This has been a bad year for the al-Qaida-affiliated Jemaah Islamiyah terrorist group. Fathur Rahman al-Ghozi, a top Jemaah Islamiyah planner and bomb expert, was killed in October in a shoot-out with Philippine security forces. In August, Thai authorities apprehended Riduan Isamuddin, known as Hambali, former Jemaah Islamiyah operations chief. Indonesian courts have sentenced four of the terrorists responsible for the October 2002 Bali bombings. And Abu Bakar Bashir, the co-founder of Jemaah Islamiyah, has been sentenced to prison in Indonesia for treason. But Jemaah Islamiyah remains a serious threat. Philippine security forces recently captured a Jemaah Islamiyah logistics chief named Tauriq Rifqi. Rifqi said that Jemaah Islamiyah terrorists have been training at a camp called Jabal Qubah on the southern Philippine island of Mindanao -- protected by Moro Islamic Liberation Front rebels. Philippine police have also discovered Jemaah Islamiyah safe houses containing instructions for making biological weapons, rockets, and bombs. Philippine Defense Secretary Eduardo Ermita said, "Jemaah Islamiyah is a major threat."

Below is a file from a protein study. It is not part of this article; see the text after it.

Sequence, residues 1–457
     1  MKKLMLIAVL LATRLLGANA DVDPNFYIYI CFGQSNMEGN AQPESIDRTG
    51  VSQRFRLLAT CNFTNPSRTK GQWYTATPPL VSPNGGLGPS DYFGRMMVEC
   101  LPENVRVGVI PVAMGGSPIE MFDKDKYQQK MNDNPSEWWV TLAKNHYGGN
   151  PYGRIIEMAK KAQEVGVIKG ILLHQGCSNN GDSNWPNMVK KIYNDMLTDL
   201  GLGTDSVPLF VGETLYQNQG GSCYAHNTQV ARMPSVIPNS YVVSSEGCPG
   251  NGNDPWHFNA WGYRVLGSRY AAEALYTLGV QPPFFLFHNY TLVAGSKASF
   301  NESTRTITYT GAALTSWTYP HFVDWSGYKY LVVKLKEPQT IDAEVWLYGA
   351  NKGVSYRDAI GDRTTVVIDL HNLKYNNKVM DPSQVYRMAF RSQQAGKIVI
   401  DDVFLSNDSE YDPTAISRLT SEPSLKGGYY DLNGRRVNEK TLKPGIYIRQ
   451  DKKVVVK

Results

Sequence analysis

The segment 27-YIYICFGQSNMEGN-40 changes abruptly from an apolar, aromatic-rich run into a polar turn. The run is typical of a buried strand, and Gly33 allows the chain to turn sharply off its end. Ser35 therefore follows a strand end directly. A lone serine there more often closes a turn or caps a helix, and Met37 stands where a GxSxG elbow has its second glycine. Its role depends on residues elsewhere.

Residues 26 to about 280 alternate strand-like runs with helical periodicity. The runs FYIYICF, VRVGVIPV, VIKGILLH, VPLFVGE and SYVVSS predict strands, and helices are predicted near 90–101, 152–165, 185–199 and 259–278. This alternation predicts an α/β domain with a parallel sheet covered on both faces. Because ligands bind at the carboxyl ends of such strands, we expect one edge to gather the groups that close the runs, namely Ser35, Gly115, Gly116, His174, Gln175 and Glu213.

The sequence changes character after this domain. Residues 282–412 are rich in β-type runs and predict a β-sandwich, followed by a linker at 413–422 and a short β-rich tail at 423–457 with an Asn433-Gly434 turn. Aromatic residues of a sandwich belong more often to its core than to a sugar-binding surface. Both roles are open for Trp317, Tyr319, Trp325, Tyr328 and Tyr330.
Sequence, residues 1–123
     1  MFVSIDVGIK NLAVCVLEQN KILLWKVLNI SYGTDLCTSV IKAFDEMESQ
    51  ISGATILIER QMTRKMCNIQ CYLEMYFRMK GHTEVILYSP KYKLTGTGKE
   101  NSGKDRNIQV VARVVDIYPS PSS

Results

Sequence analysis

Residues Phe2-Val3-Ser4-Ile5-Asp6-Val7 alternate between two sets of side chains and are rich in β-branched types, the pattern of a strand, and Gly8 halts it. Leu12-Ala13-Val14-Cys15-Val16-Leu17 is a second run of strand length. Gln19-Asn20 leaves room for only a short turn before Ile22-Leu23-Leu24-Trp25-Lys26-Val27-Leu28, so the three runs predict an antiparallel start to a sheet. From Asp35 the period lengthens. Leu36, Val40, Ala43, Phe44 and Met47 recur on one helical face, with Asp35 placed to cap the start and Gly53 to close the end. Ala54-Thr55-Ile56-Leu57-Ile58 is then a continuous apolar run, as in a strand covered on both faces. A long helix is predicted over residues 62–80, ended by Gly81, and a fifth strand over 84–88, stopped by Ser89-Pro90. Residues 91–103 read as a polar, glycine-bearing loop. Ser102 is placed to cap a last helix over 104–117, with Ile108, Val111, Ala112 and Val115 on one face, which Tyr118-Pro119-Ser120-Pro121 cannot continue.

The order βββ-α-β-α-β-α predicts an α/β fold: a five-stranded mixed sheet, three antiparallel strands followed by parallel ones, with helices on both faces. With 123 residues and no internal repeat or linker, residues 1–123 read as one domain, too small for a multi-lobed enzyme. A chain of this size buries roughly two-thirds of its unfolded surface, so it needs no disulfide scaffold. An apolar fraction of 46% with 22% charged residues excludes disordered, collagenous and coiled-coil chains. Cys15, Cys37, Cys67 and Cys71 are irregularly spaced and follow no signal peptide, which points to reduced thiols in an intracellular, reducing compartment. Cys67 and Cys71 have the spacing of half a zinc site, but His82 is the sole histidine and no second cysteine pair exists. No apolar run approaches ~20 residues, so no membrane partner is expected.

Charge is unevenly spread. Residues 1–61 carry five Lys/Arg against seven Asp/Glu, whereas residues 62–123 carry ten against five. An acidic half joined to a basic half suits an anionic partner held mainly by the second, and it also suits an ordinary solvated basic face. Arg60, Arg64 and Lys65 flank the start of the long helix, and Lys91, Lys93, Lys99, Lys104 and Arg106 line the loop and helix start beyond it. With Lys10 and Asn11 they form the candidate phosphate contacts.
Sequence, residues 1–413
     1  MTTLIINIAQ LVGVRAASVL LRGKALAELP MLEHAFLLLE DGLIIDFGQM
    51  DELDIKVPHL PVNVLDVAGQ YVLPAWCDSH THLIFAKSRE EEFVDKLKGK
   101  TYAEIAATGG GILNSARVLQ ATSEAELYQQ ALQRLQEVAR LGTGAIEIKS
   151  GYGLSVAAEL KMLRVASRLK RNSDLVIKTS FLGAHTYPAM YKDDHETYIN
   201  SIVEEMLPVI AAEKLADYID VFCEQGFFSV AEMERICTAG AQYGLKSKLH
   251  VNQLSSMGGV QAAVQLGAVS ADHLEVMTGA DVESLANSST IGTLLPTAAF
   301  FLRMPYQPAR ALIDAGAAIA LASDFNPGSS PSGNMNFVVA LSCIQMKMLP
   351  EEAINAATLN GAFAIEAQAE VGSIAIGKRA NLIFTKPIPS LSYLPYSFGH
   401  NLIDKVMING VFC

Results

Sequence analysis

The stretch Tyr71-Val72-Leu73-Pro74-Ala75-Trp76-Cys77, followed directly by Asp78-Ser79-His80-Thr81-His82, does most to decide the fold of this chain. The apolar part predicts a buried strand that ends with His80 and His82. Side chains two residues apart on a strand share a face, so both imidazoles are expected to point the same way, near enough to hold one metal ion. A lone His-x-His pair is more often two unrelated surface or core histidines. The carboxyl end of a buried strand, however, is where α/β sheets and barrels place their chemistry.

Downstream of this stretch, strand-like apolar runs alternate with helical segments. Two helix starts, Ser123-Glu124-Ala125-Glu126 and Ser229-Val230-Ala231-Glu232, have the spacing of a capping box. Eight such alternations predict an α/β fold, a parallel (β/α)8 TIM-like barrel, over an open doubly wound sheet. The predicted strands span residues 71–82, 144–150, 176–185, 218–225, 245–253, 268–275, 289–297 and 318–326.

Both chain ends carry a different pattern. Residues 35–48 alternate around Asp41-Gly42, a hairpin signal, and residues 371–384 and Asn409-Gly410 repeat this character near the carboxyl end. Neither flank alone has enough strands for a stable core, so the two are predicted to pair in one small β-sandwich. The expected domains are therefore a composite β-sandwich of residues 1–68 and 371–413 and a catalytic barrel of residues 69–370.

In 2000, Philippine troops destroyed a Jemaah Islamiyah training camp, also protected by the Moro Islamic Liberation Front. Philippine authorities have captured or killed a number of Jemaah Islamiyah terrorists. President George W. Bush says the Philippines has been on the front lines of the war against terror:
"Both our nations are threatened by terrorism, and we are determined to fight that threat until it is defeated. Our diplomats and law enforcement and intelligence officers are working arm-in-arm to disrupt terror plots, to cut off terrorist financing, and to bring terrorists to justice."
In a vain attempt to spare themselves, says Philippine President Gloria Arroyo, "some countries might prefer an accommodation with terrorism." But the Philippines, she says, “has chosen to fight terrorism.”
Clearly, that is also the case with other southeast Asian countries threatened by Jemaah Islamiyah terrorists.